Wednesday, May 28, 2014

Graduation Bliss

The sun is shining, the birds are singing, and I will never have to run a regression to determine the statistical probability of anything ever again. Things are looking up. 

That means more focus on sport, more time to read (just started 100 Years of Solitude), more energy to spend galavanting and, more generally... A happier me. Hats off to my fellow grads who have struggled to balance life and school for the past few years. You're certainly the reason the degree is worthwhile. 

Saturday, April 19, 2014

Emerging from Hibernation

I'm renewing my commitment to write more frequently. Writing used to be important to me and it becomes easier with practice, so I have moderately high hopes that I may write something mildly interesting if I keep trying for several years. And given my readership of approximately 5 (give or take 4), I'm sure when that moment of semi-brilliance strikes, the post will go viral.

New York is slowly thawing and moods are quickly lifting. The streets are filled with smiling kids on scooters and dogs who've suffered without long walks for too many months. As winter finally melts away, I'm reminded of the endless opportunity the city affords. Parks, theaters, arenas, restaurants, bars, museums, cafés, stores. Record shops, thrift shops, coffee shops, book shops. Clubs, meet ups, pick up games, sporting events, organizations, charities. And everything inbetween. I say this every year as I'm certain many New Yorkers have before me, but it still rings true - I don't take advantage of all the city has to offer. Movie nights in Tomkins, free concerts in Central Park and on Randall's island, kayaking in the Hudson, activities near Chelsea piers, Smorgesboard in Brooklyn, bier gartens in Queens, horseback riding in the Bronx. The list goes on and on. 

As I walked to Penn Station today past a long line of tourists eager to reach the top of the Empire State Building, I was reminded of how much I haven't seen and done in my own backyard. I've traveled thousands of miles away to explore foreign lands but I've never felt compelled to play the tourist in the remarkable city I call home. I don't have a favorite antique book shop and I haven't discovered all of the hidden back alleys and local secrets. I don't know the history of the beautiful architecture or where Melville and Salinger found inspiration. 

It's high time I begin to really appreciate this great city; time to open my eyes to the wonder and mystery of the place I call home. I pledge to actively participate in all that New York has to offer... to learn something from the city that has given me so much.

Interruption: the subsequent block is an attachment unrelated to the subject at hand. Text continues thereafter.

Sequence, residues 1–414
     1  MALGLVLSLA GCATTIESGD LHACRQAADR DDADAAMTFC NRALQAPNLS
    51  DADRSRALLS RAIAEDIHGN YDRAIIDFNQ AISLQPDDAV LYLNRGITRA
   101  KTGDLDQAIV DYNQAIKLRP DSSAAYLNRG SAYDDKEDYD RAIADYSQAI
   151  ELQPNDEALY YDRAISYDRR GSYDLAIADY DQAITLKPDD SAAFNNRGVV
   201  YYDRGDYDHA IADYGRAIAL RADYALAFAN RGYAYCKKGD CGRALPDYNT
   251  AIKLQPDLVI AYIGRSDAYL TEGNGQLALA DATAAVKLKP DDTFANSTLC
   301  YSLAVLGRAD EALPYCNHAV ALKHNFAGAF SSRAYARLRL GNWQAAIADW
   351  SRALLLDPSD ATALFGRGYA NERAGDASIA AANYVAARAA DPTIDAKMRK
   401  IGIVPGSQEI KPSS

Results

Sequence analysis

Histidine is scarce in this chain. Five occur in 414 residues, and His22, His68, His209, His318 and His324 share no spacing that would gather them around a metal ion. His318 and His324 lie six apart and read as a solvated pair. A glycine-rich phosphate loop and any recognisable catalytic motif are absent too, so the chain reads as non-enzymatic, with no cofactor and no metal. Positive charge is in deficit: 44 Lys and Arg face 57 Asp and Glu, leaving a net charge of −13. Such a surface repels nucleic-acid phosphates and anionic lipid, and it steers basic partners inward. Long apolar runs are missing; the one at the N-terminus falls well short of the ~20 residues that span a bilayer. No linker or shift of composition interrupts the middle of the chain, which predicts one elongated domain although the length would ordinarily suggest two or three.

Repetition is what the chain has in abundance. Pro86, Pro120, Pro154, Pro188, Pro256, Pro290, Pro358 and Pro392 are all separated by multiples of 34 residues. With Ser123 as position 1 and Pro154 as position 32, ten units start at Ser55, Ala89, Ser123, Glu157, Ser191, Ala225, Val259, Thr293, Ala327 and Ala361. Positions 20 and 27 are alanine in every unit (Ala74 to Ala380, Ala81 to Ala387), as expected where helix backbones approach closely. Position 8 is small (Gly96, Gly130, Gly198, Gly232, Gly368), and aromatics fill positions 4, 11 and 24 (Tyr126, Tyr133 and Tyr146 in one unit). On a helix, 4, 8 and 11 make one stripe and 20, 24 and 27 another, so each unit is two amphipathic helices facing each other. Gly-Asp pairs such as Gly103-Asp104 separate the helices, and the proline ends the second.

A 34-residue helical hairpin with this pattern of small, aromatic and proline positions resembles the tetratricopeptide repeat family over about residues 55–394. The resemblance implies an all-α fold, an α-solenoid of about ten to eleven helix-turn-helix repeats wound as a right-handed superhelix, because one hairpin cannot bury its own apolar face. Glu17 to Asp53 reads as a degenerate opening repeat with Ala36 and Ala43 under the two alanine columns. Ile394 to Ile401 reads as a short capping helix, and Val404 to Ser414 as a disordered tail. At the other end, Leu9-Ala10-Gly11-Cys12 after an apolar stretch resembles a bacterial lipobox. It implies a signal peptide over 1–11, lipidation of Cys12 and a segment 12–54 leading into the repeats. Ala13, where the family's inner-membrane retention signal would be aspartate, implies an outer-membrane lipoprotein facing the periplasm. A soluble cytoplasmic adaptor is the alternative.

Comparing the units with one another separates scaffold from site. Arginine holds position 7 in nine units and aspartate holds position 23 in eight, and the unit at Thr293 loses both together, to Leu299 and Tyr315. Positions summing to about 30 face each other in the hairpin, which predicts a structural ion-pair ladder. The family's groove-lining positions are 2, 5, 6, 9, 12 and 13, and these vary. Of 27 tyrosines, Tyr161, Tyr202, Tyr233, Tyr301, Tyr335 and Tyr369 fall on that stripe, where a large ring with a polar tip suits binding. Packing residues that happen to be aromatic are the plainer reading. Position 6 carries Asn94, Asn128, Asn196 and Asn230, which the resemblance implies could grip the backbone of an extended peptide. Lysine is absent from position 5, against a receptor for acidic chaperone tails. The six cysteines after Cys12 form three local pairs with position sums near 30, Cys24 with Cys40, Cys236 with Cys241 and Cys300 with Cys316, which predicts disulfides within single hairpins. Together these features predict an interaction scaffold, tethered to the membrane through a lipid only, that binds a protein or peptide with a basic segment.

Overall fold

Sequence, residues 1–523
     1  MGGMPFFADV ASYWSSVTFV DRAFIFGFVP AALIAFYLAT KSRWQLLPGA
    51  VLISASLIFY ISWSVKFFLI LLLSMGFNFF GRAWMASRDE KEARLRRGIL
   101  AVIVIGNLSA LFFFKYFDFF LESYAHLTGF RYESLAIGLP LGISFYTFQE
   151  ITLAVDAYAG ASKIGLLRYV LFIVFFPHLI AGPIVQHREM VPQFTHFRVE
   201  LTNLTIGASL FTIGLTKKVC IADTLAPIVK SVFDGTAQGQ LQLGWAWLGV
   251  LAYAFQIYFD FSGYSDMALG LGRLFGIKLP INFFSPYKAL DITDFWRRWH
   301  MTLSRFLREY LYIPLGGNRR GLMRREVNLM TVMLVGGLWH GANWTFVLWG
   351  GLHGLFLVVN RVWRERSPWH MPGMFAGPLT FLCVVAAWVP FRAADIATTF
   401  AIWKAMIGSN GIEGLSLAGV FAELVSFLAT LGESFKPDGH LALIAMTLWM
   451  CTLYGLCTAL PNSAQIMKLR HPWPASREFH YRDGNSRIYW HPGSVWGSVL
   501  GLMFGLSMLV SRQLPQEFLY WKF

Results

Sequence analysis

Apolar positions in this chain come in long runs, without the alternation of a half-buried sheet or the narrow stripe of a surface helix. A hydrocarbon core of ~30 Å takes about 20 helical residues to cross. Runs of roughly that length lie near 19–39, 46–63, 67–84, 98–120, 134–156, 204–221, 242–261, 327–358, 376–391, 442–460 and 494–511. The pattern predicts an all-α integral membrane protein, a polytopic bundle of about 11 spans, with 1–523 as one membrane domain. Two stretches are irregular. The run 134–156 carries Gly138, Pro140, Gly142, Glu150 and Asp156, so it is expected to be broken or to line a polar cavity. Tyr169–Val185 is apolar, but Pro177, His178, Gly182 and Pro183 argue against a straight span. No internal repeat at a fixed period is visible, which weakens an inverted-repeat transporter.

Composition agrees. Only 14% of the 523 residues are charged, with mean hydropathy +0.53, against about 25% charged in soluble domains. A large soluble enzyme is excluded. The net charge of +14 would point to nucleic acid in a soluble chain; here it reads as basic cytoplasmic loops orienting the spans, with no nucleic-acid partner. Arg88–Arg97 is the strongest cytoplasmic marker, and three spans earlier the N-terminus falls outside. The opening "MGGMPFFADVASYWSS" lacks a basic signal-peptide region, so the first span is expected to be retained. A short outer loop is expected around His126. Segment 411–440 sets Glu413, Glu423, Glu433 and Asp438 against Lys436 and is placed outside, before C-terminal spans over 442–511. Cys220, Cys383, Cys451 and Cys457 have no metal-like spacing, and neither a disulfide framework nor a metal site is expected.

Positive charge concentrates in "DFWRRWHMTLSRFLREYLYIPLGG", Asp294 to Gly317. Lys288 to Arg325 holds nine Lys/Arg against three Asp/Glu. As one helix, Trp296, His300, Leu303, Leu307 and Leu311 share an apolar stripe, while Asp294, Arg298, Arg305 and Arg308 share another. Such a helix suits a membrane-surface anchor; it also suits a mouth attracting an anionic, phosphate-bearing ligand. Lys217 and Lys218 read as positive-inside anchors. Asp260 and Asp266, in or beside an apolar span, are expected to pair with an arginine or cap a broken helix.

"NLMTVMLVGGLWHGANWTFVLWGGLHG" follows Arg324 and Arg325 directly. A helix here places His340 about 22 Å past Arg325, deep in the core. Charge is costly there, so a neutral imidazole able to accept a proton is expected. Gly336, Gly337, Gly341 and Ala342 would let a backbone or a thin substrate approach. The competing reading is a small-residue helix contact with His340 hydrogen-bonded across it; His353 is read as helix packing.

... I guess I might as well start with a Yankee game :) 

Sunday, March 23, 2014

The city is the art

The world works in mysterious and unpredictable ways. Fortunately there are a few constants that we can always rely on. Without fail, travel has the subtle yet powerful ability to highlight those timeless, uplifting, universal truths - tomorrow will always be a fresh start, someone somewhere in the world is inevitably facing struggles similar or greater to yours, and you are fully in control of your own life and how you spend your time. Travel is fatal to prejudice and narrow thinking of all kinds. It expands our world and opens our minds to ever greater possibilities. It encourages us to harken back to a different time, whenever that may be; our own version of history, infused with foreign and familiar impressions that give us courage and unleash our imaginations. An ever-present unifying force becomes more tangible when  we immerse ourselves in a new place, a new people, a new part of the world. We remember to appreciate our commonality  with one another, while celebrating difference. To me, the profound effect of travel can only be described as magical. 

I traveled to Paris for the first time this past weekend. It's a beautiful city filled with mesmerizing people. As we walked the cobblestone streets, popping into shops and pausing at cafés, I knew I was surrounded by an unparalleled aesthetic; one that only an entire culture of keen artistic eyes could cultivate, but one that is far superior in it's sincerity. Every Parisian falls into his or her place seamlessly, each flower and building and car plays its role in the work of art that is Paris; a city that is itself a masterpiece. 

This dramatic, wildly over the top description of Paris's beauty is seemingly an exaggeration. But it isn't to me. Because that is my Paris and it is unlike anyone else's Paris. It is based on my experiences, my history and my understanding and preferences and expectations. Perception is reality. And I choose to see the beauty.